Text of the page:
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Pacemaker, love cure a dog's heart

Abused dog gets love, a pacemaker

Thirteen-year-old chow-husky mix Sunny, who spent most of her life tied to a tree, was adopted by veterinarian Gregg Rapoport. Thirteen-year-old chow-husky mix Sunny, who spent most of her life tied to a tree, was adopted by veterinarian Gregg Rapoport.

By the time Gregg Rapoport met Sunny, a 13-year-old chow-husky mix who had been rescued by animal control officers in January, the pooch had spent most of her life tied to a tree near a vacant house in Connecticut.

Rapoport, 37, a cardiologist for the Massachusetts Society for the Prevention of Cruelty to Animals in Jamaica Plain, said a pattern of neglect was apparent during the dog's initial examination, when staff trimmed 30 pounds of matted hair and feces from her fur.

As if that wasn't enough, Rapoport says, Sunny was almost completely deaf, severely underweight, and had a heart rate 50 percent of a normal dog's.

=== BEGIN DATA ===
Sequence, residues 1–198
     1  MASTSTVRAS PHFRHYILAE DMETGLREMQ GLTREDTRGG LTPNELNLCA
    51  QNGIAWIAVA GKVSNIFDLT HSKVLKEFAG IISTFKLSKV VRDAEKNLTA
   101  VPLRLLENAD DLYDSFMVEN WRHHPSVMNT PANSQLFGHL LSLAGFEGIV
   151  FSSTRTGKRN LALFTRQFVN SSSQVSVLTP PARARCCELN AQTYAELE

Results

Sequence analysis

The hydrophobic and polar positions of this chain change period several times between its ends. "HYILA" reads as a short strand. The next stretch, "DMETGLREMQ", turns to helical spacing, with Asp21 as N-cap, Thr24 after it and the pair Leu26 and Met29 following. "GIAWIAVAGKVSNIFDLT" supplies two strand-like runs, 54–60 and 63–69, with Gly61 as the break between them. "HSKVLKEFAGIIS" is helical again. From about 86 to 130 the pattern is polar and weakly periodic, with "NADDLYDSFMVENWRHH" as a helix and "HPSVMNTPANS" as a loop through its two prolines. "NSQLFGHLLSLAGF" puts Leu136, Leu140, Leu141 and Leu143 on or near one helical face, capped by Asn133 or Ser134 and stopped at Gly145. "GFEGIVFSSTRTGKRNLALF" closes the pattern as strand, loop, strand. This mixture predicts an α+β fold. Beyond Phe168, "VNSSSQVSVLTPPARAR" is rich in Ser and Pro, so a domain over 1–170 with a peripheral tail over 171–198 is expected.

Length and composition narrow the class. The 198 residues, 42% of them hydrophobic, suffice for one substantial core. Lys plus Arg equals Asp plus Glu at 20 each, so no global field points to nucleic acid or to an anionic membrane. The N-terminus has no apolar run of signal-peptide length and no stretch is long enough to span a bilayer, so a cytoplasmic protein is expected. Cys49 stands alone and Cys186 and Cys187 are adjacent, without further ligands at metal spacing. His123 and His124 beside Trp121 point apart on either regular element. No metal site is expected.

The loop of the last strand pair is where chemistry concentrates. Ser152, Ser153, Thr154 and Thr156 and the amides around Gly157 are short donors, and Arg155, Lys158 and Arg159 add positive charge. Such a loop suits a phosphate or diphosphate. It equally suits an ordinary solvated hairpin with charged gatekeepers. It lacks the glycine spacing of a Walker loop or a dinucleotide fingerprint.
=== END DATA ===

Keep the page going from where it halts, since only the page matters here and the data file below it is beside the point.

"Every case is a little bit different," he said in an interview last week. "But what I think stood out about her is that she really had the right spirit."

Meanwhile, a neighbor from Norwich, Conn., who knew Sunny, followed up with the MSPCA about the dog's condition and got to work raising almost $6,000 for her medical care, including a pacemaker to take some of the strain off her ailing heart.

Sunny, who underwent the treatment in March, is among the five to 10 canines that receive a pacemaker from MSPCA staff each year, Rapoport said.

"These are pacemakers that originally come from human hospitals, where they perhaps outlived their technical shelf life but still have plenty of battery life in them for our purposes," he said.

A month after the surgery, the dog that he helped heal had stolen his own heart, and Rapoport took Sunny home to live with him.

"Although she was tied to a tree for 13 years, she doesn't show any sign of looking back," he said.

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